Just a few days before the upcoming solar eclipse on Friday morning, March 20th, Mother Nature had yet another nice surprise for us at hand.

Due to a massive CME (a Coronal Mass Ejection, where the sun spits out a lot of particles) directed towards the earth, many places in Northern Europe were hit by this stream of particles.

However, as we’re shielded by the magnetic field within and around the earth, the particles were bounced off in various directions. This bouncing of charged particles caused a beautiful colourful spectacle called Aurora Borealis, also known as Northern Lights.

From spaceweather an actual view could be found where to expect these beautiful colourful flames; around it’s peak it looked like this:
Aurora Forecast Northern Hemisphere

Also via the forecast was predicting an intense hammering of our planet by solar particles.

Down south, here near Darmstadt, the sky was too bright to be able to see much, and we were also too much down south. However, beautiful images were being captured (also from the USA).

Via Mikael Sjösten

Via Oliver Wright

And some more local images:

From Zwolle, The Netherlands, by Hans van Eijsden

From Friesland, The Netherlands, by Jeroen Horlings

From Terschelling, The Netherlands, by Albert Wester

It has been about 13,5 years ago I’ve seen polar lights glowing orange/greenish; I hope to be able to catch a bit more of it soon.

And the Darmstädter Erdbeben / earthquake swarm continues ..

Yesterday night, 15/03/2015 at around 04:08 we got struck by a M2.7 earthquake in Darmstadt, which I kindly enough received next morning via twitter as a reminder:

With the initial numbers, it looked like the epicenter was only 4km away:

However, after correction the epicenter returned to where we could expect this to happen: Mühltal again, a part of Nieder-Beerbach, just over the first ridge pushed up by the Rheingraben, on the edge of the yellow, pink and green areas:

No, I didn’t feel anything as I was vast asleep. Many people did feel it though, even woke up, and logged their responses via @JuskisErdbeben.

image via

based upon the ‘eye’witness reports, collected by Jens Skapski & Lukas Rentz for, the area where the quake was felt could be narrowed down pretty precise. My colleague who lives exactly at the epicenter did wake up and was not very pleased though with yet another earthquake.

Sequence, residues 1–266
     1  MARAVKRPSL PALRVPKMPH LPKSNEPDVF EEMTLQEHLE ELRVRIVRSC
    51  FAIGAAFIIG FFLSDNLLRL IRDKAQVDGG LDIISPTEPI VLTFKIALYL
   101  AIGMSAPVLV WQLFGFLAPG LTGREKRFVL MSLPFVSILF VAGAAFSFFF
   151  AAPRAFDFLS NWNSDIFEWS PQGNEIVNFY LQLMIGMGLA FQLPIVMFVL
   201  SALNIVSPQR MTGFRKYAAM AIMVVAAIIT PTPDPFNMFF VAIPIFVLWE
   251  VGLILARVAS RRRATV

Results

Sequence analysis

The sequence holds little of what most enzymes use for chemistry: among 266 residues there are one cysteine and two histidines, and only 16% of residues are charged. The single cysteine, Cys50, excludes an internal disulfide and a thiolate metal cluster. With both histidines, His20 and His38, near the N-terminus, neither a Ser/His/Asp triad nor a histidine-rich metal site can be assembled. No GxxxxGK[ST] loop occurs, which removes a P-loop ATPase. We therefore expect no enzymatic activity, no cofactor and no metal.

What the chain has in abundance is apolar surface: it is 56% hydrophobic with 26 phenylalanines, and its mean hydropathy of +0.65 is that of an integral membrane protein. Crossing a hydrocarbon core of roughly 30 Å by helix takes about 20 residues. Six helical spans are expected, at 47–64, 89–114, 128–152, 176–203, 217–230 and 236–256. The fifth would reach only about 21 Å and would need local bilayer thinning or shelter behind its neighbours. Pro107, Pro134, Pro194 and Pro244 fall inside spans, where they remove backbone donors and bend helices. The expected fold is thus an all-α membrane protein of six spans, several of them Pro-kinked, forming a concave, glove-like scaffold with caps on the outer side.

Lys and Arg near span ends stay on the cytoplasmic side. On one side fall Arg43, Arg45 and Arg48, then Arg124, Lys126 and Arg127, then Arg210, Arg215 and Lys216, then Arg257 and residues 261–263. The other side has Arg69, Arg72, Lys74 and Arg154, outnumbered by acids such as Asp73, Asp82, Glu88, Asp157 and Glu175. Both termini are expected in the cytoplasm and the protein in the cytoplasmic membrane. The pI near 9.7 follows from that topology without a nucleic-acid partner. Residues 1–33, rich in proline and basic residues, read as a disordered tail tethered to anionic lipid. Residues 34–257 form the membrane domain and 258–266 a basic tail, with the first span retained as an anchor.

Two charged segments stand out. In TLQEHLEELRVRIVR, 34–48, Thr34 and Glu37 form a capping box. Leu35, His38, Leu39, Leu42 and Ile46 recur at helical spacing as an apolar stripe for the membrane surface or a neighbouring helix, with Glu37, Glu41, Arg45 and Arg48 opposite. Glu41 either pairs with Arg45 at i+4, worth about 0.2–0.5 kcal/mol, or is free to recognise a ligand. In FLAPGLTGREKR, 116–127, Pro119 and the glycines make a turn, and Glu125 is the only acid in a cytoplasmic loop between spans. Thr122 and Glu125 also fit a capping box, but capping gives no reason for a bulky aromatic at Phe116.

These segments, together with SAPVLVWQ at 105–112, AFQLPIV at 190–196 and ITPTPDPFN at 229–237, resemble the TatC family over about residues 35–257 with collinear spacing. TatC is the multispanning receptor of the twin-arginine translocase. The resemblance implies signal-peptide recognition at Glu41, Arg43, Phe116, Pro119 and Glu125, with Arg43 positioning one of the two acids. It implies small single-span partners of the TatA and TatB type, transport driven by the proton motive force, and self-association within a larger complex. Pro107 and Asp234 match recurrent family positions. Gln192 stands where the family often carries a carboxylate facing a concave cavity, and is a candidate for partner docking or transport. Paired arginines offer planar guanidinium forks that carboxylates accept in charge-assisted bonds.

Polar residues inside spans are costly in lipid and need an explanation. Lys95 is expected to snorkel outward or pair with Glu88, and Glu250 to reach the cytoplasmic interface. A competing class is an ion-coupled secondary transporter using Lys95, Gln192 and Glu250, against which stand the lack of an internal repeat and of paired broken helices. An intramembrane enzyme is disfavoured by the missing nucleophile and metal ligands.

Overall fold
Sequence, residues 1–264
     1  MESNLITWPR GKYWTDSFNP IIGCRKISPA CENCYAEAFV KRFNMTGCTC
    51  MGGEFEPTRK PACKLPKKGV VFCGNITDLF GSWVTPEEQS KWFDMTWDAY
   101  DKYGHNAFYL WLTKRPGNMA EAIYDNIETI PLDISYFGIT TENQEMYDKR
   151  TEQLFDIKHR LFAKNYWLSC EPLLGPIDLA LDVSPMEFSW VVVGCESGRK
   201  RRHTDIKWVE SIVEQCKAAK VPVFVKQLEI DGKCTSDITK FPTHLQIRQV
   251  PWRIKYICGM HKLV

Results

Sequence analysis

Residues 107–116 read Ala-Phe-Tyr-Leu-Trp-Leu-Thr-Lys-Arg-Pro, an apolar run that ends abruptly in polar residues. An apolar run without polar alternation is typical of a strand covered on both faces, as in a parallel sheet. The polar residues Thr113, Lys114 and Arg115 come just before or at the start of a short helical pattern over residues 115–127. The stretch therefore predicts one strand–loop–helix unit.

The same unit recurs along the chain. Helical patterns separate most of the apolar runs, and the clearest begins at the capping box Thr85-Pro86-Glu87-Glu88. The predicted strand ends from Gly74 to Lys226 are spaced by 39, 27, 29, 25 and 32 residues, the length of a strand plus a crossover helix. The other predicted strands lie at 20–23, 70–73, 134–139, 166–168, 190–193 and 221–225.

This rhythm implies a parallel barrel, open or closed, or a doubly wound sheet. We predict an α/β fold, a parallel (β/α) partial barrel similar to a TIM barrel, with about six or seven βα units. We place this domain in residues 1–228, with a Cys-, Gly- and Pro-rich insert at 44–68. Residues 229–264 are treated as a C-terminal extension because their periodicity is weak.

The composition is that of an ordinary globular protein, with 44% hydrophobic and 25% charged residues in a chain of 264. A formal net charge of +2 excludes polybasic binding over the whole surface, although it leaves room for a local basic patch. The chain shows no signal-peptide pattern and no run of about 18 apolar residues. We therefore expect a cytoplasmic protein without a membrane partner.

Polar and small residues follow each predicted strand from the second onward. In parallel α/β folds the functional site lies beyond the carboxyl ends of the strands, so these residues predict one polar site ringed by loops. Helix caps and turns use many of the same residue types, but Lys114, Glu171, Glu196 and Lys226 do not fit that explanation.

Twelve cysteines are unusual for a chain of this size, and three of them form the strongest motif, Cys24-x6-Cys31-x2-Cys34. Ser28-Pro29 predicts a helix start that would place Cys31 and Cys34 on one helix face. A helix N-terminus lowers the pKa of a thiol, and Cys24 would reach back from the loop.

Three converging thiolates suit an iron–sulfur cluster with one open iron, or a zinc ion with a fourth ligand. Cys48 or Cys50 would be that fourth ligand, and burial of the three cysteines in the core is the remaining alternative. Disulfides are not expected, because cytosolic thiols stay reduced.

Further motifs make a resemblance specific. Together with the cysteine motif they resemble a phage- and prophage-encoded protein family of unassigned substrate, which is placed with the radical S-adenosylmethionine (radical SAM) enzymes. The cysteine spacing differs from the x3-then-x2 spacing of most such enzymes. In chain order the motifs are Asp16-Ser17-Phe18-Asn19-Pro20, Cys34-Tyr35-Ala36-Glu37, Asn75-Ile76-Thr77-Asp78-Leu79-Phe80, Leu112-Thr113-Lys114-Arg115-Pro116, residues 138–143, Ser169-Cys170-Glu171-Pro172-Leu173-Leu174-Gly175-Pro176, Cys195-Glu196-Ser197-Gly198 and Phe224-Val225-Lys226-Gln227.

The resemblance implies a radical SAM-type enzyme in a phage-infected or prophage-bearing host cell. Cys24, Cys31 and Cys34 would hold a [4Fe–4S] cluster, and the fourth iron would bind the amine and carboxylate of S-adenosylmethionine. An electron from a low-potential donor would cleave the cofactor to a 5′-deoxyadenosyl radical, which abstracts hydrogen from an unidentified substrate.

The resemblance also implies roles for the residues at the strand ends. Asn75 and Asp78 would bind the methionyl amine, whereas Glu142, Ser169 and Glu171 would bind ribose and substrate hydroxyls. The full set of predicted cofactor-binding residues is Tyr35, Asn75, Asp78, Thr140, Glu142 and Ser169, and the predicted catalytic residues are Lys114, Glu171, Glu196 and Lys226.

On the WBB-Seismometer from the HED (Hessischen Erdbebendienstes), located in Darmstadt for the HLUG (Hessischen Landesamt für Umwelt und Geologie), it did look quite impressive:

And even here the little aftershock is visible well, about 15 minutes later.

As I already predicted a friend last week: It has been too quiet since November. I saw little peaks in the seismograph already last week, which could lead up to something bigger again. And thus it did. Probably it decided it wasn’t finished yet, as on the 16th in the morning another quake was registered:

This one I did feel but I didn’t realize it was another earthquake, I thought it was just someone slamming the door.

What surprised me once again is that one can hear an earthquake. Not the sound of the building and furniture that moves, but the actual quake itself sounds over here frequently like a bang, sometimes starting with a loud roar (this can be heard in this video:

Earthquake (Erdbeben): Darmstadt, Hessen, Germany – 17.05.2014 from Mark Paul Abare, Jr. on Vimeo.

I read from some sources that gas was being released just before, during and after the earthquake, which makes sense. All we would need is just a few more places where this can be measured.

Here are the current recent earthquakes near Darmstadt until now:

* Earthquake near Darmstadt, March 30th (M3.2),
* Earthquake near Darmstadt, May 17th (M4.1)
* Earthquake near Darmstadt, June 8th 2014 (M3.3)
* Earthquake near Darmstadt, September 19th 2014 (M2.6)
* Earthquake near Darmstadt, October 29th 2014 (M3.6)

Which all adds up to the list of earthquakes here. It is still not getting less intense, less frequent:

Maps from top to bottom showing the amount and magnitude of earthquakes near Mühltal / Darmstadt since
- 2002 – 2015 (now)
- 2012 – 2015 (now)
- 2014 – 2015 (now)

And, in case you’re interested what happens right now: Live seismograph from WBB – Hessische Earthquake Service in Darmstadt:

Meteorite hits (or burns out) over southern Europe on March 15th

Just in between the earthquakes here; we also had a meteorite plunging towards earth. Unfortunately I didn’t see it, but my colleague did while he was fiddling with his bike outside. He mentioned he was stunned by the green light, the flashing, thought it was fireworks, then realized it was going way to slow.
Here are some recordings from dashcams which he recognized immediately; the colour and the flickering. Reports also say there was a bang, which could indicate the meteorite hit earth (but I presume the bang was because it fragmented above, visible in some of the videos).

From Tirol, Austria

From Mannheim, Germany

The New Millenium Observatory cam near Ulm, Germany

And via Spaceweather some beautiful images from the leftovers; including a curly tail:

Courtesy: Taken by Hans Hopf on March 15, 2015 near Bamberg, Bavaria, Germany

If you have seen this meteorite, please bring it back to it’s rightful owner. Or, maybe better; report it here:

And if you do not know the difference between a asteroid, comet, meteoroid, meteor or meteorite, check this blogpost